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Alternative Names Return to topAngioma - cherry; Senile angioma
Definition Return to top
A cherry angioma is a noncancerous (benign) skin growth.
Causes Return to top
Cherry angiomas fairly common skin growths that vary in size. They can occur almost anywhere on the body but usually develop on the trunk.
They are most common after age 30. The cause is unknown.
Symptoms Return to top
Skin lesion or growth:
Exams and Tests Return to top
Your health care provider will probably diagnose a cherry angioma based on the appearance of the growth. No further tests are usually necessary, though a skin biopsy may be used to confirm the diagnosis.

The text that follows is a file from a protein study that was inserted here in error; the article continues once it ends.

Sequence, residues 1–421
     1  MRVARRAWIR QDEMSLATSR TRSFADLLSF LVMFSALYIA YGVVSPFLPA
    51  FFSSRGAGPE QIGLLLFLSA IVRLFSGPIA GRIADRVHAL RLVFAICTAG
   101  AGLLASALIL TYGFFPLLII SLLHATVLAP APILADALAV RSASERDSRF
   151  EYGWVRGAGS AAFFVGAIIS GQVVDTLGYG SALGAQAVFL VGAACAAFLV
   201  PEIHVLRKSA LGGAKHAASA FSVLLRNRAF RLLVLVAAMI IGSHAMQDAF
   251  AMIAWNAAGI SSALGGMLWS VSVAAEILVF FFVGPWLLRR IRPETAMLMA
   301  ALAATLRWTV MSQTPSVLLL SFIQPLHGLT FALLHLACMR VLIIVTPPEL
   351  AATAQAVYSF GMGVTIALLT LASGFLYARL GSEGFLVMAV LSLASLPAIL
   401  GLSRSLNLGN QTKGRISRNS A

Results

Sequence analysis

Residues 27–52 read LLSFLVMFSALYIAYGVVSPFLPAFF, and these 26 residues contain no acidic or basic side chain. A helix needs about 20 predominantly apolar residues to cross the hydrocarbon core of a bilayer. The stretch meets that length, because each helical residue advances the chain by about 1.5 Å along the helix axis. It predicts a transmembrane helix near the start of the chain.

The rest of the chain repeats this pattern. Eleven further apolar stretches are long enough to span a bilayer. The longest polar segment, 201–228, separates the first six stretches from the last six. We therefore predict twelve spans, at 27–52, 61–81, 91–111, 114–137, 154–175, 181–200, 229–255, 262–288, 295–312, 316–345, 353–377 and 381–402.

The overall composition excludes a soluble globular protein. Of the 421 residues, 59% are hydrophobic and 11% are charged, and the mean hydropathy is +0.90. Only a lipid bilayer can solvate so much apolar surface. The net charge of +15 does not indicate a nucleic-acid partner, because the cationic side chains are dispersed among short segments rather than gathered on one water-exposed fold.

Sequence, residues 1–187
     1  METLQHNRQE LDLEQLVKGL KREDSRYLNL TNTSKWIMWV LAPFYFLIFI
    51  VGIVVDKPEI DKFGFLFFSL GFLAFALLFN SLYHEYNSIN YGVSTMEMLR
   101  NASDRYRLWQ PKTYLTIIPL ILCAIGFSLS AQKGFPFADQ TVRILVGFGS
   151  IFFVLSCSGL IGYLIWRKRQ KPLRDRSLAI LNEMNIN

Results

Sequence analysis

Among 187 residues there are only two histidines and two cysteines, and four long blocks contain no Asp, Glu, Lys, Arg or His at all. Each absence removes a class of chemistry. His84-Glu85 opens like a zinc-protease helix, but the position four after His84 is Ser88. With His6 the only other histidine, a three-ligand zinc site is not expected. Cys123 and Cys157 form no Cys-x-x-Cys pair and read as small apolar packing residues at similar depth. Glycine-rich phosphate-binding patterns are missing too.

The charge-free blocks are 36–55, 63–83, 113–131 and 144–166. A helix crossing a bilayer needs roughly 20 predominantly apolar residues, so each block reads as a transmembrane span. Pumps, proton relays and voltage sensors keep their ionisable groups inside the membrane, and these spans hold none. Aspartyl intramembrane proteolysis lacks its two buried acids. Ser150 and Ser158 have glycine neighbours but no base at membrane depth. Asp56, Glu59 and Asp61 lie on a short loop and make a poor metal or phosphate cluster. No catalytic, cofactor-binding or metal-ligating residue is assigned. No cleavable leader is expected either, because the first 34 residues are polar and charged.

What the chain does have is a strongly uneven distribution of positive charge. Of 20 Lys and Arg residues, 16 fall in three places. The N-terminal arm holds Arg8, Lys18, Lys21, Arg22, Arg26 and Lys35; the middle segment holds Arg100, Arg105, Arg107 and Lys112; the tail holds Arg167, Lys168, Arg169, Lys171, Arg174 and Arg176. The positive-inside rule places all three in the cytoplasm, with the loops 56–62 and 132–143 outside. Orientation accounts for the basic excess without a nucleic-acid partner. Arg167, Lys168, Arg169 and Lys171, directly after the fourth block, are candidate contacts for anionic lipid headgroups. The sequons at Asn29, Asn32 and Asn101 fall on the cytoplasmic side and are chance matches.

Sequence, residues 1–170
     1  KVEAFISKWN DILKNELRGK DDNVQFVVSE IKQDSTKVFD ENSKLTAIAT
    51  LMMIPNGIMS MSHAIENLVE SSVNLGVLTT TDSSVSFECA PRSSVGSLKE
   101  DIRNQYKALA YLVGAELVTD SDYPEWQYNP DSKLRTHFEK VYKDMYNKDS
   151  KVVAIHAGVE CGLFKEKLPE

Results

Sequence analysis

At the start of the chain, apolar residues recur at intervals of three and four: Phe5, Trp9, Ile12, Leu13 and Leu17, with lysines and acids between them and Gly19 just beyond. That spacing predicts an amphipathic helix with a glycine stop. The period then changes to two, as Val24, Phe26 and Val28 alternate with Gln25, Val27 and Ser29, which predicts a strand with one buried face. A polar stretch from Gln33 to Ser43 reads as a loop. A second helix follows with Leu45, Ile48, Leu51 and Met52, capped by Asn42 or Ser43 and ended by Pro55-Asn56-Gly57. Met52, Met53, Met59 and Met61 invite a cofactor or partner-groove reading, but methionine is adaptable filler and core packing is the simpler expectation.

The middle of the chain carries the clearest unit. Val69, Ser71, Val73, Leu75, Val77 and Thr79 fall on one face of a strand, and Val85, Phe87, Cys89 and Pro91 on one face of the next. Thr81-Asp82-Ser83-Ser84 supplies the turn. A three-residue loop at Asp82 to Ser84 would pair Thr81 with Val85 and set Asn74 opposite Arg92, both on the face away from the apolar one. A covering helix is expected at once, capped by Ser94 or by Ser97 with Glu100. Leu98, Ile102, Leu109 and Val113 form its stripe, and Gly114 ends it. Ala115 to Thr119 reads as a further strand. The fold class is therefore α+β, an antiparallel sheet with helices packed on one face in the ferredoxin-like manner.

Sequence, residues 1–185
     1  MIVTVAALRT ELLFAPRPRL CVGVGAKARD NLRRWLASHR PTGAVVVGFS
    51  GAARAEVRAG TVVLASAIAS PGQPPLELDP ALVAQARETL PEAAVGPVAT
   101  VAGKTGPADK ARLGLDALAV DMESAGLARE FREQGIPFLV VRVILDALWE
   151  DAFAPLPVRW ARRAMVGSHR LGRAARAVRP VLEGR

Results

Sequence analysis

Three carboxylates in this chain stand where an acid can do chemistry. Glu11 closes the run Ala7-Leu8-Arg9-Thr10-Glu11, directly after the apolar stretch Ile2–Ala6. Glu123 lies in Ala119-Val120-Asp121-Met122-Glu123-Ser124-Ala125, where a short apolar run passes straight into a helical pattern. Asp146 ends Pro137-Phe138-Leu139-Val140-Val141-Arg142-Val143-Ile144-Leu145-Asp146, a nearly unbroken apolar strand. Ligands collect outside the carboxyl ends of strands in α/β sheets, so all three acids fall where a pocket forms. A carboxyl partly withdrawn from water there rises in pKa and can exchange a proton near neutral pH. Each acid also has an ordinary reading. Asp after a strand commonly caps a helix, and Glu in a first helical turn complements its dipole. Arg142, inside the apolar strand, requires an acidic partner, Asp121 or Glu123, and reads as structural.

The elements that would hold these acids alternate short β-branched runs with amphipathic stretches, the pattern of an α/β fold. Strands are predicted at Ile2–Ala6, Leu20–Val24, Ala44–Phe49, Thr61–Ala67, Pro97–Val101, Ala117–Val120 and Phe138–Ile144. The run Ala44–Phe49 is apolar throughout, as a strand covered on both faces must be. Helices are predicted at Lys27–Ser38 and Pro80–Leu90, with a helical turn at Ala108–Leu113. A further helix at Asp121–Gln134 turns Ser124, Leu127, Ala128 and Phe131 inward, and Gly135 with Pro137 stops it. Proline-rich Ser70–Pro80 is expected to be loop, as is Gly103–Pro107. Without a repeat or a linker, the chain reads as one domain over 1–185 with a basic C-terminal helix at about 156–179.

Treatment Return to top
Cherry angiomas generally do not need to be treated. If they are cosmetically unattractive or they bleed often, angiomas may be removed by:
Outlook (Prognosis) Return to top
Cherry angiomas are noncancerous and generally harmless. Removal usually does not cause scarring.
Possible Complications Return to top
When to Contact a Medical Professional Return to top
Call for an appointment with your health care provider if you have symptoms of a cherry angioma and you would like to have it removed.
Also call if the appearance of a cherry angioma or any skin lesion changes.Update Date: 10/3/2008 Updated by: Kevin Berman, MD, PhD, Atlanta Center for Dermatologic Disease, Atlanta, GA. Review provided by VeriMed Healthcare Network. Also reviewed by David Zieve, MD, MHA, Medical Director, A.D.A.M., Inc.